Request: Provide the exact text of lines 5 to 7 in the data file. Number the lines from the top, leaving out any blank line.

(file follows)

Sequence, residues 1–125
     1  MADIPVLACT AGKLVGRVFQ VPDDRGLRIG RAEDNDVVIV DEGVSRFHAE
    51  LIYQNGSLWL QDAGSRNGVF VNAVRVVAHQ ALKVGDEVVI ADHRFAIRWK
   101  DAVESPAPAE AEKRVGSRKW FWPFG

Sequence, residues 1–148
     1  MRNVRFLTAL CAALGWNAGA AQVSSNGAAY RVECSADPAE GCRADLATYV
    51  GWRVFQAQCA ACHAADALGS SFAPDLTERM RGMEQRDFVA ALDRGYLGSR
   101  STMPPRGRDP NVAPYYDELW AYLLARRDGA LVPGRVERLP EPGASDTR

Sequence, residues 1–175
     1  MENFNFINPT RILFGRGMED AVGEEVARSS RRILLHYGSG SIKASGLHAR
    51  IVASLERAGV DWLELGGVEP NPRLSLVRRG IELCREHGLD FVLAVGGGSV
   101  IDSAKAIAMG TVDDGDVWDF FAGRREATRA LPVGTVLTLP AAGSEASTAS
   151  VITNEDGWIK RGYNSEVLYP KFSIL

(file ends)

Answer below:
Sequence, residues 1–148
     1  MRNVRFLTAL CAALGWNAGA AQVSSNGAAY RVECSADPAE GCRADLATYV
    51  GWRVFQAQCA ACHAADALGS SFAPDLTERM RGMEQRDFVA ALDRGYLGSR